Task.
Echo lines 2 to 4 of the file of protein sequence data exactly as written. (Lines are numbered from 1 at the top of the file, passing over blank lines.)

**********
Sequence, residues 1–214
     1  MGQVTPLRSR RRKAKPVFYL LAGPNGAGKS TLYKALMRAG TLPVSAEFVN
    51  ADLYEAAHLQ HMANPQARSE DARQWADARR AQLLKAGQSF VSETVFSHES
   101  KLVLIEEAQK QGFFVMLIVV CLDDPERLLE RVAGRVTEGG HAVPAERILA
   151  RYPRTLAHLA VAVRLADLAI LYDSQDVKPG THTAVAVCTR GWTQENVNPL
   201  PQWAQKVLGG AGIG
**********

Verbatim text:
     1  MGQVTPLRSR RRKAKPVFYL LAGPNGAGKS TLYKALMRAG TLPVSAEFVN
    51  ADLYEAAHLQ HMANPQARSE DARQWADARR AQLLKAGQSF VSETVFSHES
   101  KLVLIEEAQK QGFFVMLIVV CLDDPERLLE RVAGRVTEGG HAVPAERILA